(Reuters) President Donald Trump’s drive for a big US tax cut package headed toward a new drama on Tuesday in the Senate, where a pair of Republican lawmakers demanded changes in exchange for their help in moving the measure forward.
Trump was due to lobby Republicans at their weekly policy luncheon in the US Capitol, with the Senate poised for a possible vote on tax legislation as early as Thursday.
The president has called on Republicans to deliver a tax bill to his desk before Christmas. The House of Representatives has already approved its version of the package, which would cut taxes for businesses and individuals.
But a Senate Budget Committee hearing on Tuesday, which Republican leaders have hoped will send legislation to a full Senate vote, has hit a potential hurdle with Republicans Ron Johnson and Bob Corker saying they may vote against the measure.
Their opposition could be the first major obstacle for the Republican tax overhaul in the Senate, where earlier this year political infighting prevented the party from overturning the Obamacare healthcare law.
Johnson and Corker both say they will back the tax cut package if their separate concerns are satisfied. Corker, a prominent fiscal hawk, wants a measure that would prevent the tax bill from causing the federal deficit to balloon. Johnson wants a better deal for so-called pass-through enterprises that include small businesses.
Senators were working “feverishly” to address concerns, Corker told CNBC on Tuesday morning.
“I know it’s important not just to me but numbers of members who want to make sure that if for some reason these projections are off - we don’t have the growth that’s been laid out, it doesn’t generate revenues - that we’re not passing on increased debt to future generations,” he said.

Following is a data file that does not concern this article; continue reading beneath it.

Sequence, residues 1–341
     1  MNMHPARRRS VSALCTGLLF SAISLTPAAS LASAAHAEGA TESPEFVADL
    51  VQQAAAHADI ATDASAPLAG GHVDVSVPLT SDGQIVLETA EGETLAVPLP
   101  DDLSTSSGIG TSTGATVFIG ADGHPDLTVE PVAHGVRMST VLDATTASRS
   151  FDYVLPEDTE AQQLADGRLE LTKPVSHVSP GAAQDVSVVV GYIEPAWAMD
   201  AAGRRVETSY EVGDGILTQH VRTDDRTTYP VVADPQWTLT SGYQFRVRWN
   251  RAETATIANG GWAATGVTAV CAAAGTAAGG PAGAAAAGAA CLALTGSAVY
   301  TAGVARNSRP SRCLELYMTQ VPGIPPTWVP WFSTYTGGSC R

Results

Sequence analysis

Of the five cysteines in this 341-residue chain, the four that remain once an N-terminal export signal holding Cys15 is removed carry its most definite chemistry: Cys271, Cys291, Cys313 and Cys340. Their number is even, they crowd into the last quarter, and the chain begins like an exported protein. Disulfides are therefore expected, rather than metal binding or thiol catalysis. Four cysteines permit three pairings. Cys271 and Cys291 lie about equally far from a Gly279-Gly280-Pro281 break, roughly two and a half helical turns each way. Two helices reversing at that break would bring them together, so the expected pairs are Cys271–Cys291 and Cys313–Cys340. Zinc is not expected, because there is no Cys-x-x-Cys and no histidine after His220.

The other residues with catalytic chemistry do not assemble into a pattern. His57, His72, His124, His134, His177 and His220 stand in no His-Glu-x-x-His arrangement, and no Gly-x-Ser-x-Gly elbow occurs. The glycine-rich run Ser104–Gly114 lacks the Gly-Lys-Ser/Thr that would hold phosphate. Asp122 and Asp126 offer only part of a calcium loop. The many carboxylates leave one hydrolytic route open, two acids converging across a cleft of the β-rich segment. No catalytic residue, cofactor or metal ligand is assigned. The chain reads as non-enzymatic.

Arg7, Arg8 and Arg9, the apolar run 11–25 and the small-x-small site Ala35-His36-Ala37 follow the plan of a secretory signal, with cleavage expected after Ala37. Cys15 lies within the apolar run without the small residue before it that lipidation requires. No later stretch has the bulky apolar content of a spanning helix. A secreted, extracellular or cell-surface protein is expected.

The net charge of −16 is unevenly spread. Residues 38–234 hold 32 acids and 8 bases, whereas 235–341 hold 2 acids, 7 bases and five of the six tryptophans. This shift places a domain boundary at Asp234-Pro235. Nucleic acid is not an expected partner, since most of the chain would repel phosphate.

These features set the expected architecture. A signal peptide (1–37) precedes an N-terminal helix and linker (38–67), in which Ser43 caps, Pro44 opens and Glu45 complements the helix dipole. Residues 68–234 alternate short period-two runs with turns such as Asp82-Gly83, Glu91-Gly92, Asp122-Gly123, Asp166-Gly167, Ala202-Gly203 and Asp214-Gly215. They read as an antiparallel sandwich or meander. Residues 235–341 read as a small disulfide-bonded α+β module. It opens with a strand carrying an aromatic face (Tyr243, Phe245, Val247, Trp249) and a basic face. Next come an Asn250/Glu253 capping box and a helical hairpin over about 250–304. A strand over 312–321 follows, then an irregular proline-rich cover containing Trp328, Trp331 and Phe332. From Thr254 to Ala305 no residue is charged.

Two Republican “no” votes at the committee hearing would stall the effort, as Republicans control the 23-member committee by only one vote and no Democrats are expected to support the bill.
Republicans, who control both chambers of Congress and the White House, have yet to score a major legislative victory since Trump took office in January. After their failed push to repeal Obamacare, they are eager to score a win before next year’s midterm elections, when control of the House and the Senate is at stake.
Tax cuts, deficit rises
The Senate bill would slash the corporate tax rate to 20% from 35% after a one-year delay. It would impose a one-time, cut-rate tax on corporations’ foreign profits, while exempting future foreign profits from US taxation.
But it would also add more than $1.4tn to the federal deficit over the first decade, according to congressional analysis. Republicans have said that economic growth spurred by tax cuts would generate enough new tax revenue to eliminate any new deficit.
The nonpartisan Joint Committee on Taxation is not expected to release a full macroeconomic analysis of the tax bill head of a Senate vote.
As a result, Corker and other Republican deficit hawks, including Senator James Lankford, have been holding talks with Senate tax writers and the administration about adding a provision that would raise tax rates if revenues fall short of expectations.
Other lawmakers have expressed concern that the Senate bill could effectively raise, not cut, the amount of tax paid by some people because it would eliminate a popular federal income tax deduction for state and local tax payments. They are also concerned it could increase health insurance costs for people with medical conditions.
The Congressional Budget Office (CBO), another nonpartisan research unit of Congress, said the number of Americans with health insurance would fall by 13 million by 2027 under the Republican tax bill, which would repeal an Obamacare federal fine meant to encourage people to buy health insurance.
The CBO said this would make people with incomes below $30,000 net losers under the bill, and most of those earning more would be net winners, especially those with incomes between $100,000 and $500,000.
If the Senate manages to pass the tax bill, its version and the House version will have to be reconciled into a piece of legislation that both chambers must approve before it can be signed into law by Trump.